Robson Sharuko Senior Sports Editor
RARELY has a 12-game continental inter-club football adventure — whose success story was written more by the combination of the dogged collective spirit of men intent to write their names in the stars than flashes of genius from a few magicians — been underpinned to one moment of goalkeeping brilliance as was the case with the Dynamos Class of ‘98.
Sadly, when the heroes of that DeMbare campaign, which almost transformed them into champions of Africa, 20 years ago are routinely mentioned, the name of that goalkeeper usually doesn’t feature in the nostalgic conversations about a golden time when these immortals came of age on the ultimate stage that separates boys from men.
You hear about Memory Mucherahowa, the indomitable leader of the pride, for a team, which fittingly parades a logo of a lion on their blue jerseys, a punishing defence that gave away very little all season and suffocated life out of their rivals and Lloyd Mutasa’s heroics in Nigeria.
You also hear about coach Sunday Chidzambwa’s technical master-class, which propelled them to touch the heavens.
Even the name of Tonderai Mutambikwa, and his goals, feature prominently in the narration and so do the names of Makwinji Soma-Phiri, another goal-scoring hero, and Desmond Maringwa, whose performances betrayed his youthfulness as he provided glimpses of a future in which he was supposed to transform himself into one of the greatest to wear this iconic jersey had fate not brutally ruled otherwise.
For, just two years after this campaign — just as he started to bloom into the real deal in which he even had overshadowed Quinton Fortune, then good enough to play for Manchester United, in an ill-fated World Cup qualifier at the National Sports Stadium — Gazza’s career was virtually over at the young age of 22.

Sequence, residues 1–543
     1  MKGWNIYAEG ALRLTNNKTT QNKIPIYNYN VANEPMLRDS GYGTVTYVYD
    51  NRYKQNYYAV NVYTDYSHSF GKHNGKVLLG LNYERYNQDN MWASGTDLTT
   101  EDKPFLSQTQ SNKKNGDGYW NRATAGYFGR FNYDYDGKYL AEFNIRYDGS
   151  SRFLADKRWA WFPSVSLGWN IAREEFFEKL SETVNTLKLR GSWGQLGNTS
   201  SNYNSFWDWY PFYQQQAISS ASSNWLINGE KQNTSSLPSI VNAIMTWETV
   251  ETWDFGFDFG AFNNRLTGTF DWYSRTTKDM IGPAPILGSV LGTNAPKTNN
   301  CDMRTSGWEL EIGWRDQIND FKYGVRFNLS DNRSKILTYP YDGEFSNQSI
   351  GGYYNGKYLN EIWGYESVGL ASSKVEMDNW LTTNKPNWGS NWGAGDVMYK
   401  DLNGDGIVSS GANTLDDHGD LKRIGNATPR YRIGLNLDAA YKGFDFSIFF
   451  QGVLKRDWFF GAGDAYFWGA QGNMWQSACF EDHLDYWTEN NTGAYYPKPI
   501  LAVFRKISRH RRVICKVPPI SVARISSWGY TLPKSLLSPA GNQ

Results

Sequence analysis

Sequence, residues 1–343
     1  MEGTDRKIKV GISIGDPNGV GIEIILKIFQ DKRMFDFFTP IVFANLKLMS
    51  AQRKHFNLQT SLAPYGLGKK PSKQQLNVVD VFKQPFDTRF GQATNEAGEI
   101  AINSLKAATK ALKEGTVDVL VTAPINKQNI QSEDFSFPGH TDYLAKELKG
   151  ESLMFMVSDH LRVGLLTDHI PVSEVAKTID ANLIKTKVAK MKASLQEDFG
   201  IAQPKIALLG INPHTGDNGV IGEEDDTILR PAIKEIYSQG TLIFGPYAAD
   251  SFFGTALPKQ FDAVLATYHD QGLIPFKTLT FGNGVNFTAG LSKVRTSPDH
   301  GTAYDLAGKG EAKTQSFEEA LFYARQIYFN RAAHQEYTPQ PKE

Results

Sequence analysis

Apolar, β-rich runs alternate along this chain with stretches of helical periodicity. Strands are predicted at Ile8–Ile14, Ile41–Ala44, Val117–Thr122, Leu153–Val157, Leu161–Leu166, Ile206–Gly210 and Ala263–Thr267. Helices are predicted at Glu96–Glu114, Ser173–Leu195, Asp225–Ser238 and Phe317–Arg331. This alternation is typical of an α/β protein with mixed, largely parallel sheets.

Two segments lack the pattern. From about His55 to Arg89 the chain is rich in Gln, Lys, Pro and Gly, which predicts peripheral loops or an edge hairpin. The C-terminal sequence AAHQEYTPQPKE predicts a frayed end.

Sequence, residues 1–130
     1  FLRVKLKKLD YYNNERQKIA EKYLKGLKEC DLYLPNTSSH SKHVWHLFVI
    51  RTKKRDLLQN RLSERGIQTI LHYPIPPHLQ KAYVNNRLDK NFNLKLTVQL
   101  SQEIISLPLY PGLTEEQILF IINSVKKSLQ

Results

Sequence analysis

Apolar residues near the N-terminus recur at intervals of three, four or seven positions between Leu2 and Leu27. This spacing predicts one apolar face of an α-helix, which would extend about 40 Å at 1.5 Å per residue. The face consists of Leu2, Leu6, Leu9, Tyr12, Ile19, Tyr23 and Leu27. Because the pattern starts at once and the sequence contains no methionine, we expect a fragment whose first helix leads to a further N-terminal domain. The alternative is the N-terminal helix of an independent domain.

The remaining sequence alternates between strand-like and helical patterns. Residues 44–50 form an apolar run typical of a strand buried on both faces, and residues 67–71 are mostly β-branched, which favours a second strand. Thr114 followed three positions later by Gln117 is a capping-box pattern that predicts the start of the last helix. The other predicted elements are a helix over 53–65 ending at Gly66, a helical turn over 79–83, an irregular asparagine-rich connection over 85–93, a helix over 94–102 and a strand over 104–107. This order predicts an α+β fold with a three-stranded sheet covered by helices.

Whoever gave him that nickname, borrowed from another Gazza from England, Paul Gascoigne, which seemingly burdens its bearer with the punishing load of the cruel fate of a career always meant to be cut short by the ravages of injuries, must be found, charged and tried to answer for the sins of daring this fine football specimen with this stricken name.
The original Gazza was just 24, a playmaking genie destined for greatness, and with a World Cup starring role at Italia ’90 in his curriculum vitae, when this demon struck, when a damaged cruciate ligament in his right now on the big stage of the ’91 FA Cup final at Wembley, effectively closed his path to the greatness, which his special talent had promised in abundance.
And this blue Gazza, their Gazza, would suffer a similar fate in August 2000 when a freak injury at Barbourfields effectively closed his path to greatness just two years after having been thrown, as a mere teenager, onto the battlefront during that ’98 Champions League campaign, and distinguished himself with performances that made a mockery of his youthfulness.
It wreaked a move to Spanish side Celta Vigo, where he had been earmarked to replace Frenchman Claude Makelele, who had left for Spanish giants Real Madrid, and although Maringwa, who underwent a number of operations to repair his battered knee, would play on until 2009, he was never the same Gazza who had charmed hearts, and fuelled expectations of greatness, before his injury.
The ‘Ms’ — Maringwa, Mucherahowa, Makwinji, Mutasa, Mutambikwa, Masango, Musanhu, Muzadzi and Mhofu or Marimo as he was known back then — will always have their names discussed in glorious terms whenever that DeMbare Champions League campaign of ’98 is relived.
Sadly, it’s the priceless role played by one other ‘M’, the late Mandizvidza (George), in a coastal Mozambican city whose identity initial has an initial ‘M’ (Maputo), and at a stadium whose name has an initial ‘M’ (Machava), is barely mentioned among those who made this miracle happen.